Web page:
Two words describe our practice: ‘Martial’ and ‘arts’. The definition of the first word, ‘martial’, is certain. The meaning is, “of, pertaining to, or suggesting war,” and unfortunately describes the prevalent view of martial arts. Today, most people relate martial arts to violence of some sort. We usually ignore or forget the second word, ‘art,’ in the context of martial arts. Art suggests spontaneous creativity, a changing of consciousness, beauty and elegance. Art inspires us and adds to our life.

Martial arts or fighting?

So what distinguishes martial arts from any other violence and fighting techniques performed since the beginning of time?  Martial arts began in the sixth century with Tamo Bodidharma, a Shaolin monk. In a simple monastery in Hunan Province, China, Tamo realized that martial techniques, if practiced with the correct mindset, could be used for much more than just self-defense. Tamo pushed the monks to challenge themselves to greater heights, forcing them to break through limitations and develop their bodies in remarkable ways. By concentrating to master difficult physical moves, students learned to better focus their minds.  More importantly, they cultivated powerful discipline and will, which changed their self-image. The earlier picture of simple monks, overweight and lethargic, transformed to one of acutely focused individuals, living up to their personal convictions and beliefs. Under the guidance of Tamo Bodidharma, these first practitioners integrated deep introspection, meditation and physical techniques to create a complete practice that is now known as martial arts.

Bringing ancient principles into modern life

By practicing martial arts, as those monks did so long ago, you also begin to realize your own power in life. Diligently practicing the art, you change your self-image, becoming more confident in all situations. You see yourself as strong willed and focused. You know that you are mentally tough, and able to overcome obstacles and achieve goals. A           real martial artist is a martial artist in and outside of the dojo. You do not become a superman or superwoman, never hesitating or fearing anything, but rather a person of discipline, fully conscious and aware of all thoughts, feelings, emotions, moods and actions. In all moments, you maintain control, or at the very least, you are able to regain control of yourself quickly.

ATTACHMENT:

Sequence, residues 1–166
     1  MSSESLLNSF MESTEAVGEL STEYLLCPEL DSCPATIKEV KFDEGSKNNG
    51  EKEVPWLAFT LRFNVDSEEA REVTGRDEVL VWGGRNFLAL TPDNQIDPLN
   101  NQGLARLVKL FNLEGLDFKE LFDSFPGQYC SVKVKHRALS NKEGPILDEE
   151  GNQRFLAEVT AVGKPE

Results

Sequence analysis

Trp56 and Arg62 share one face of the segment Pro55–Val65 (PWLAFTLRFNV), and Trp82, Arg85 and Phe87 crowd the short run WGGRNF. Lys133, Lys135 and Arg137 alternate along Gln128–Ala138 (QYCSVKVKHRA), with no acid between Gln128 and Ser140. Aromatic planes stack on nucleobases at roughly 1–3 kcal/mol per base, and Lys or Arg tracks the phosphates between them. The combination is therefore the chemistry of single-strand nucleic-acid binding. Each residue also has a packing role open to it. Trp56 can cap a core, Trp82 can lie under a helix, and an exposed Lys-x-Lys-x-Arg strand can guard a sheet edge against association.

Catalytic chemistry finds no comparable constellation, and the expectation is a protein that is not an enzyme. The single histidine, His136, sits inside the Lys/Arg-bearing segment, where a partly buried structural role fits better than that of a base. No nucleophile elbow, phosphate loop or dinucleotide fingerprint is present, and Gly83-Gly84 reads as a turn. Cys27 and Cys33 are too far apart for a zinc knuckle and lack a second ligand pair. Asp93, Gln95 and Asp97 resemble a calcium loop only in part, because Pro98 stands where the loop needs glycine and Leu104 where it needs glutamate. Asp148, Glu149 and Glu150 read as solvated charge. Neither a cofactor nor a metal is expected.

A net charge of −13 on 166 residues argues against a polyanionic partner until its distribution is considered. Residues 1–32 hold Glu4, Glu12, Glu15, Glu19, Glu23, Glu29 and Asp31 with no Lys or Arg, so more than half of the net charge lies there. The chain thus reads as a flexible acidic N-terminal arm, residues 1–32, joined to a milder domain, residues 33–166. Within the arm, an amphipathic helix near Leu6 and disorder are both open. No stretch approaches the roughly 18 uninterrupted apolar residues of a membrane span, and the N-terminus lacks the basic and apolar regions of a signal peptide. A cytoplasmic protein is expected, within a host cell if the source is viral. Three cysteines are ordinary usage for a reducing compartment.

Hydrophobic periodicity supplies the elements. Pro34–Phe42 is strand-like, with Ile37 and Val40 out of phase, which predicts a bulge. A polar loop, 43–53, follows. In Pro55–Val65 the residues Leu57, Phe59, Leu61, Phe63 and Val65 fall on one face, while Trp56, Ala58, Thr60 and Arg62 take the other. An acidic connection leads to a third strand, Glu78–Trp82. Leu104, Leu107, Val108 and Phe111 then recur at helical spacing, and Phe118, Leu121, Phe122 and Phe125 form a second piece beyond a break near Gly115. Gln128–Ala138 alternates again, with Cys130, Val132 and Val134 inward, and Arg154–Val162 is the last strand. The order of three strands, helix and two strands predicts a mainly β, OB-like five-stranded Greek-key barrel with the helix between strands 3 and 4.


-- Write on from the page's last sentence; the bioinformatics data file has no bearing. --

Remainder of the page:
Don’t think so much

Artists use the term “blocked,” to describe periods when they are unable to move forward. Writers can’t write, painters can’t paint, and musicians cannot compose. This block usually comes from an overwhelming or nagging pressure originating in the mind. Uncontrolled thoughts manifest as self-talk such as, “I used to be creative, but I fear that I’ll never have another good idea. I don’t feel inspired-what if people don’t like what I do? What if I fail?” As a martial artist executing a form, you might tell your- self, “Everyone is watching, don’t screw up. Here comes the hard part. Wow, I did that really well!” During sparring, your inner dialogue might consist of anticipating your partner’s moves and planning how you will respond. “A back fist is coming next…he always throws a back fist after this technique. Here comes a roundhouse kick…as soon as he moves, I’ll hit him,” and so on and so on.  The inner chatter constantly flows, so we must deliberately train our minds to slow down and stay in the moment.